Context: Reflective practice has been suggested to be an important instrument in improving clinical judgement and developing medical expertise. Empirical evidence supporting this suggestion, however, is absent. This paper reports on an experiment conducted to study the effects of reflective practice on diagnostic accuracy.
Methods: Participants were 42 internal medicine residents in hospitals in 2 states in the northeast of Brazil. They diagnosed 16 clinical cases. The experiment employed a repeated measures design, with 2 independent variables: the complexity of clinical cases (simple or complex), and the reasoning approach induced to diagnose the case (participants were instructed to diagnose each case either through pattern recognition or reflective reasoning). The dependent variable was the accuracy of the diagnosis provided for each case. All participants participated in each of the 2 levels of both independent variables.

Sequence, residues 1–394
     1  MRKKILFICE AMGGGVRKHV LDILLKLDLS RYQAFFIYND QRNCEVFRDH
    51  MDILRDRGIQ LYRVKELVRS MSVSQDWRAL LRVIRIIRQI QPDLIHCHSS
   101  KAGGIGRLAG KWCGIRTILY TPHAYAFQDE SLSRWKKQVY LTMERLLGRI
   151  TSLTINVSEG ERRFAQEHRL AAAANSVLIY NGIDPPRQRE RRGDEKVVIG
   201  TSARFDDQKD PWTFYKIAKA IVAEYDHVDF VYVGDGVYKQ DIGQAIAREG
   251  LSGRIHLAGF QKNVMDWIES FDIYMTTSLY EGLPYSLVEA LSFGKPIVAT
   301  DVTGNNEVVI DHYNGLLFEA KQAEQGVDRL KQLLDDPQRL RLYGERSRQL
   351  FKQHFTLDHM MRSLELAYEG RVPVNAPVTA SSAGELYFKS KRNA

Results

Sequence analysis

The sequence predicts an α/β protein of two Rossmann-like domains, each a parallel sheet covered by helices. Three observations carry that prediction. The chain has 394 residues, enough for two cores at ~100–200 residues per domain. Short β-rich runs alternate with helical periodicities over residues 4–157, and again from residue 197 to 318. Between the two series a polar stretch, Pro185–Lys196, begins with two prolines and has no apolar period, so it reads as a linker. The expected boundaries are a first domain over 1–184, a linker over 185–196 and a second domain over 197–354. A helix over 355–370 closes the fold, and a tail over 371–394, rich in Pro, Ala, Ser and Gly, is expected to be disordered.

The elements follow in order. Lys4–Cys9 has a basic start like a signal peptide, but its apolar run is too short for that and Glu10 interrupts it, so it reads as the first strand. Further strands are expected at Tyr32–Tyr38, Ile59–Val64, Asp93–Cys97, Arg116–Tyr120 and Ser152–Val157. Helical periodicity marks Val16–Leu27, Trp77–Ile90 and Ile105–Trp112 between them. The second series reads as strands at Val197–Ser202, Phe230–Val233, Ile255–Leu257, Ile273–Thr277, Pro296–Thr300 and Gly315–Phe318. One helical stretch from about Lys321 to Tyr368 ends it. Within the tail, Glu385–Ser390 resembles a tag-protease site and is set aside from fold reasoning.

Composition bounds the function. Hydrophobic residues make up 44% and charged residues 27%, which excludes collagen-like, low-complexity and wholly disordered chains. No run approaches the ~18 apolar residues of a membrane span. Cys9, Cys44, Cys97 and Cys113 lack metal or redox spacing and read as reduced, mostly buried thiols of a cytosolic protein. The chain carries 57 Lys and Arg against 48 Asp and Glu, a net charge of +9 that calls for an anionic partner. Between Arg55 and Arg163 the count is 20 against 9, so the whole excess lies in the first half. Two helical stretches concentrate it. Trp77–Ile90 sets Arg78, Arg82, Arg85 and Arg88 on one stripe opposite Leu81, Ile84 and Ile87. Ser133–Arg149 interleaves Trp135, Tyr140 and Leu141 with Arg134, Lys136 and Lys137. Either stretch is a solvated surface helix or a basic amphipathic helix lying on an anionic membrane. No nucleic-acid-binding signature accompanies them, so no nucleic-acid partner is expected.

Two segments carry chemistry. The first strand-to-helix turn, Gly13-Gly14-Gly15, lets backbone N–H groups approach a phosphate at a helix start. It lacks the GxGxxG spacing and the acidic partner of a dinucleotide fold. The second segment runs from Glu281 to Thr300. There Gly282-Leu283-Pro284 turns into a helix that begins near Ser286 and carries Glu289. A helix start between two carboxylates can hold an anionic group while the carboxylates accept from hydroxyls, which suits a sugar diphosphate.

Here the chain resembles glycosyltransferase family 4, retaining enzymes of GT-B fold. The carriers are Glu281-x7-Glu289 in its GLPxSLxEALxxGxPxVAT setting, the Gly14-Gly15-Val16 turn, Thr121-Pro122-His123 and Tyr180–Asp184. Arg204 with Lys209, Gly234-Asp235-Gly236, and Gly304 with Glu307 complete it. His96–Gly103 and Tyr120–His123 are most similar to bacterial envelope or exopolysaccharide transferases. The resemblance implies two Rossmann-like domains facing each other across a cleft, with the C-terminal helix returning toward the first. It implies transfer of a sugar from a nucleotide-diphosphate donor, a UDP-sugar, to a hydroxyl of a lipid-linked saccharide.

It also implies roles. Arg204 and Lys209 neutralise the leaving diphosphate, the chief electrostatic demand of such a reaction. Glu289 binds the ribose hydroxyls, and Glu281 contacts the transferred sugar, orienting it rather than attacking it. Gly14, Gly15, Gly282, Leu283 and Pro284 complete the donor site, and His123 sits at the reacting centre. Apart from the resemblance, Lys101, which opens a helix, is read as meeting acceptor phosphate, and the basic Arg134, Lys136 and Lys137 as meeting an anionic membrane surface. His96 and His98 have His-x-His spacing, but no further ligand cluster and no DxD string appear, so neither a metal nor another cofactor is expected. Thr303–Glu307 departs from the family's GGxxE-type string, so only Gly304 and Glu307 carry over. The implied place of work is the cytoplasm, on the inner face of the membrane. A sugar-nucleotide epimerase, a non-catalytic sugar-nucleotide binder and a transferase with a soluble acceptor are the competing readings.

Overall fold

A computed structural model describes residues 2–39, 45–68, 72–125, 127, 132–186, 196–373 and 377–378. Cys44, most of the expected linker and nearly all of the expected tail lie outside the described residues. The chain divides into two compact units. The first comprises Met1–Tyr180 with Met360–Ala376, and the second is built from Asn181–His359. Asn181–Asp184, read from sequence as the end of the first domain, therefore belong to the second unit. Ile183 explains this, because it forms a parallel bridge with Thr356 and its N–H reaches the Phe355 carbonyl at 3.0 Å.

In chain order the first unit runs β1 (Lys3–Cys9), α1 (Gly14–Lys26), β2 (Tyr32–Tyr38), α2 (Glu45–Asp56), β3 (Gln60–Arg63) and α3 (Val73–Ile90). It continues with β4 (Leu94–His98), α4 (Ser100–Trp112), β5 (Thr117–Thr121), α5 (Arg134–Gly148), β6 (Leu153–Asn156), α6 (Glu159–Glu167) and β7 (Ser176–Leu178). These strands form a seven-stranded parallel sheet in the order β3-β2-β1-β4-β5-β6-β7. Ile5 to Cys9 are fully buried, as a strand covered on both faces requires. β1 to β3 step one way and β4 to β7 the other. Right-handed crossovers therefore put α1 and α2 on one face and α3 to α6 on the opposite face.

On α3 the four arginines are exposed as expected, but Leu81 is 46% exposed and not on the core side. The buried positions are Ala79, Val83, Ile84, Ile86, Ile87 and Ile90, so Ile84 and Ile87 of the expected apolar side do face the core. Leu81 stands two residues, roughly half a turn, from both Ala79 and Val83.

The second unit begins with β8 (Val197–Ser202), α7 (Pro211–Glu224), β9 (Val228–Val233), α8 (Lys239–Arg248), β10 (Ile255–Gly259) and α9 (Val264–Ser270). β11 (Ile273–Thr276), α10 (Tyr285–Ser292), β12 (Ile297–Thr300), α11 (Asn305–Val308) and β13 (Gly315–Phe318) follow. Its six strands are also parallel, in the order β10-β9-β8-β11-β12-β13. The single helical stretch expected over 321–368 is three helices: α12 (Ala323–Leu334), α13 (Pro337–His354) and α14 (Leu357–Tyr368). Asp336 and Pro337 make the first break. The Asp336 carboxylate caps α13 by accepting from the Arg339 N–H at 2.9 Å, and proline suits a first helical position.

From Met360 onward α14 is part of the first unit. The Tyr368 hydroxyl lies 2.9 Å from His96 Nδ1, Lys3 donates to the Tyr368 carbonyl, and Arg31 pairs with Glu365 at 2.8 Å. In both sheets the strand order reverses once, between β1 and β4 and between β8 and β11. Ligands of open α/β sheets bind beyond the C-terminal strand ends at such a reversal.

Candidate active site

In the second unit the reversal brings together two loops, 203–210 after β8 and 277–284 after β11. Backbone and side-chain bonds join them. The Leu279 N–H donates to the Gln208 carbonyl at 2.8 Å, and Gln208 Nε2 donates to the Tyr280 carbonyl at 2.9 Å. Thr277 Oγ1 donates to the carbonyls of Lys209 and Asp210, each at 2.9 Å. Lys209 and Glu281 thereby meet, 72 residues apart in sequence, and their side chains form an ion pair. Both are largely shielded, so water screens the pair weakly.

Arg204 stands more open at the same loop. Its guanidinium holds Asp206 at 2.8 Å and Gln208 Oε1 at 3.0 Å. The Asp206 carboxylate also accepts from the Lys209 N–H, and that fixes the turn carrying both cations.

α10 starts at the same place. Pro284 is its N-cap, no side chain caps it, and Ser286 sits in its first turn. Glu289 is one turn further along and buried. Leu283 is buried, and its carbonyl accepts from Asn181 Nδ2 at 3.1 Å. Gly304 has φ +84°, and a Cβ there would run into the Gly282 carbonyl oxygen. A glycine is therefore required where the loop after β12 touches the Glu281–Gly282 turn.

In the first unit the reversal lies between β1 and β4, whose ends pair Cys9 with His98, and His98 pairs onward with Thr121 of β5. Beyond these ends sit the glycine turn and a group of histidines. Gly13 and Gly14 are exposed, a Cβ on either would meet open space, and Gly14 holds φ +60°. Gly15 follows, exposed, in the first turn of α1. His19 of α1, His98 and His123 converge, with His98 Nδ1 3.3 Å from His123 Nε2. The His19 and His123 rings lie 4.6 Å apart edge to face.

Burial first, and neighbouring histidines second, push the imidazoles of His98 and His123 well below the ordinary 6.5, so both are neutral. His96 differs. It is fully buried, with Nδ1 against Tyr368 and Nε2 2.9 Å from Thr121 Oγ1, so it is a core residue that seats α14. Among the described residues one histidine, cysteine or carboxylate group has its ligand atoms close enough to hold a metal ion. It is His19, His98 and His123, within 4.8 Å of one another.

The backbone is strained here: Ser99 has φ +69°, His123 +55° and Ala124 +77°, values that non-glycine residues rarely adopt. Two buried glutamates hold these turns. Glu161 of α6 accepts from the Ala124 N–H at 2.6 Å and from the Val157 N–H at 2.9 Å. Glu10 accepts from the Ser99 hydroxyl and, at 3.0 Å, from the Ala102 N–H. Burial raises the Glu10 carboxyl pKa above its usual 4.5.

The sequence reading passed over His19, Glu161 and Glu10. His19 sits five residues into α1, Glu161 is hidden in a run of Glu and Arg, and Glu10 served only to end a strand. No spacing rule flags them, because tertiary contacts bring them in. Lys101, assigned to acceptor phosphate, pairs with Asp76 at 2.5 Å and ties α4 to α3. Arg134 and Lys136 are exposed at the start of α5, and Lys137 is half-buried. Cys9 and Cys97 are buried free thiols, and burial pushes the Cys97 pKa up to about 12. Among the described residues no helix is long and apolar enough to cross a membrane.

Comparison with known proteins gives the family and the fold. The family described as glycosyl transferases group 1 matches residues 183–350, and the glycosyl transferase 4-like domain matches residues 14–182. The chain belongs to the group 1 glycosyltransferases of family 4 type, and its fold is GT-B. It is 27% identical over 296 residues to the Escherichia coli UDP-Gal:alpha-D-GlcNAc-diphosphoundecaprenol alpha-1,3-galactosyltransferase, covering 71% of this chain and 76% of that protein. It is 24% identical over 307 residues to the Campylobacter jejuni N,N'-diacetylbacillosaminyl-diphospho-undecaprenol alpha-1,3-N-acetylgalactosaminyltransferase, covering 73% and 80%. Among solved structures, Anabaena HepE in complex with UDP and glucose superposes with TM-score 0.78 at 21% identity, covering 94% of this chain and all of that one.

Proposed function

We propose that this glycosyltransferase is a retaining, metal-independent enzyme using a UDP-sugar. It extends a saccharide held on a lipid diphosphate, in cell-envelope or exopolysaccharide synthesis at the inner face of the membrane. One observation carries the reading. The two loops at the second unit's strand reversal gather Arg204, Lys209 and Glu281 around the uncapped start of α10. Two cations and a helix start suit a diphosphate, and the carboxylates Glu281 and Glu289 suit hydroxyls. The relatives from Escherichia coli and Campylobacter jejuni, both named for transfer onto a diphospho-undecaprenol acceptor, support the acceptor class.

Results: A main effect of case complexity emerged. There was no statistically significant main effect of reflective practice. However, a significant interaction effect was found between case complexity and mode of processing (F[1,41] = 4.48, P < 0.05), indicating that although reflective practice did not make a difference to accuracy of diagnosis in simple cases, it had a positive effect when diagnosing complex cases.
Conclusions: Reflective practice had a positive effect on diagnosis of complex, unusual cases. Non-analytical reasoning was shown to be as effective as reflective reasoning for diagnosing routine clinical cases. Findings support the idea that reflective practice may particularly improve diagnoses in situations of uncertainty and uniqueness, reducing diagnostic errors.